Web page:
I realize you're looking for a good idea for a design competition - something you can get excited about and run with. I understand, I've been doing architectural design competitions for twenty years.

A good design is a good design, any manufacturer with half a brain will see that. Let the others worry about marketing, price points, niches, etc. If your concept does evolve into an actual product on the shelf one day, it will most certainly won't be identical to the original submission.

Peter Gamble aka "Peter the eater"

I just made a cornish game hen with chestnut stuffing. . .

Would you believe a pigeon stuffed with spam? . . .

Would you believe a rat filled with cough drops?

Moe Sizlack

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How about a home pasta machine that has bronze dies? The KitchenAide one gives no texture.

It would take a lot more than that to make extruded pasta that even remotely competed with commercially made dry pasta.

--

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I am a third year industrial design student and for an assignment I am entering the Breville Young Designer competition . The brief is to design a more eco-friendly kitchen appliance. What I am researching is what kind of gaps there is in the kitchen appliance market. What kinds of machinery do you wish someone would make? Is there a particular thing you do in the kitchen or when cooking that no-one caters for with an appliance? ....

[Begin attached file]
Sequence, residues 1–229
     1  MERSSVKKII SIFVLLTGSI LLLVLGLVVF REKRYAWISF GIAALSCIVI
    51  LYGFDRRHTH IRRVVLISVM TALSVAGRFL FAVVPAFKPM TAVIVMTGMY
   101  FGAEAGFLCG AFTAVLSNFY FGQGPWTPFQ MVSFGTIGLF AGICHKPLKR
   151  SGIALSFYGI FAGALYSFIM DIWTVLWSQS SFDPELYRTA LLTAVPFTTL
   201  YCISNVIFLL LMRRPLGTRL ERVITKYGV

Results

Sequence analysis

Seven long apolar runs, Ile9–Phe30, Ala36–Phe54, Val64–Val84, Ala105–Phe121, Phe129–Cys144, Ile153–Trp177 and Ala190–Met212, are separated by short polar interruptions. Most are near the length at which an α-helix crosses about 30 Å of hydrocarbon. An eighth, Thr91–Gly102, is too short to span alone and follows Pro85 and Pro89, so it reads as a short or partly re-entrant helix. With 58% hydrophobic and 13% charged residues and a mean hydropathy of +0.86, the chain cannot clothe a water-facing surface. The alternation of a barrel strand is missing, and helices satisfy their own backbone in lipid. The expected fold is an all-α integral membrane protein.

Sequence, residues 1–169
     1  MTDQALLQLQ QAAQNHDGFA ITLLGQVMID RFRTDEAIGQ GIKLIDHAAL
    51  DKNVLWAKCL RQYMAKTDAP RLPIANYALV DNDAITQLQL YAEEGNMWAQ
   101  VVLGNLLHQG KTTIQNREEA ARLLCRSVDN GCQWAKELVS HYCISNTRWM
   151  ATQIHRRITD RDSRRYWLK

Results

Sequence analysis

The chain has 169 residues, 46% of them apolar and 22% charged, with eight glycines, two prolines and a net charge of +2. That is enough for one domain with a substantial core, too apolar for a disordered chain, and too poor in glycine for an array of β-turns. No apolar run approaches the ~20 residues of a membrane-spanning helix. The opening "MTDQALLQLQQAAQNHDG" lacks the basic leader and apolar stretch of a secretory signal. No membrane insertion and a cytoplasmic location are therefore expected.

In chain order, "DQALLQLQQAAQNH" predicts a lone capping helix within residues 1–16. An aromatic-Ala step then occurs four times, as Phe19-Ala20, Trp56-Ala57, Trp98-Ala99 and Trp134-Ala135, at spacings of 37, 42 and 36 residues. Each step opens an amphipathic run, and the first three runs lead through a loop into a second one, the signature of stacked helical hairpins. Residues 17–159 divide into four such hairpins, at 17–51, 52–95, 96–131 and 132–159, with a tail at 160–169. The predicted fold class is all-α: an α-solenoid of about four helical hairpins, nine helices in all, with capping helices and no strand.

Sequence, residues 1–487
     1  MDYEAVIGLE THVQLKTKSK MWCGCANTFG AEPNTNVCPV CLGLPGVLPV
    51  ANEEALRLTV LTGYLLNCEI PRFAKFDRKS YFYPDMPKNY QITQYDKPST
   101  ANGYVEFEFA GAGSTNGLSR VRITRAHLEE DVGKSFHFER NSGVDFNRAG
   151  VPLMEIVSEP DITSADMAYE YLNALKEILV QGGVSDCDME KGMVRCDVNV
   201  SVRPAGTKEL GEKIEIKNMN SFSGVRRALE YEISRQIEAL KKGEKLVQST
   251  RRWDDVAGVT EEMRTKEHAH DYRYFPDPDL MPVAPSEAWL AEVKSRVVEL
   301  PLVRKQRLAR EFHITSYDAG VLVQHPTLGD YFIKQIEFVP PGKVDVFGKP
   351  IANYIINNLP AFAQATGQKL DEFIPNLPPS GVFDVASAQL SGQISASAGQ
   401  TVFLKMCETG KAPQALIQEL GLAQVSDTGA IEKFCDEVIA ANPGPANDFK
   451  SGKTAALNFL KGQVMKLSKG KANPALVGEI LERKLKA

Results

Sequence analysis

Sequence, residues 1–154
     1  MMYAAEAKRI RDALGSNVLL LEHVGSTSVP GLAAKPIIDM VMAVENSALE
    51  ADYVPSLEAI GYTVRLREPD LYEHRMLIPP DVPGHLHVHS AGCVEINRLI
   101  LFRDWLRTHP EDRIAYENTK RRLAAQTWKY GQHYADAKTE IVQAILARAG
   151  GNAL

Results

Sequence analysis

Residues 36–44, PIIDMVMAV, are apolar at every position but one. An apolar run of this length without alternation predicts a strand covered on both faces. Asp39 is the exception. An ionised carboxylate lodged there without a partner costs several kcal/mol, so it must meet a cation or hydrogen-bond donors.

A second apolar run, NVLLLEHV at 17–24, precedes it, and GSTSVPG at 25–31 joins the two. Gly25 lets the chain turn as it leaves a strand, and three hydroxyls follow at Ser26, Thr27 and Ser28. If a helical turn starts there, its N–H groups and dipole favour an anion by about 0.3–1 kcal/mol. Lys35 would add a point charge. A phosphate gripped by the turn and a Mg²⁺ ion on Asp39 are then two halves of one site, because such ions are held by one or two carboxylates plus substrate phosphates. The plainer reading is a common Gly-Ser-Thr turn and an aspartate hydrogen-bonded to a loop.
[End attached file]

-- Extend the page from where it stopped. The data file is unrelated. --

WOOOOAAAH there!

As a Designer, the most important thing is to read the brief. Carefully.

Here it is:

As designers, we must take greater responsibility for the impact our products have on the environment. In response to this, the brief this year is to design a ‘more’ eco friendly kitchen appliance or accessory that considers the following:

    * Product life cycle

    * Material choice and impact

    * Product efficiency

    * Manufacturing impact, assembly and disassembly

    * Packaging

    * Ease of use, cleaning and storage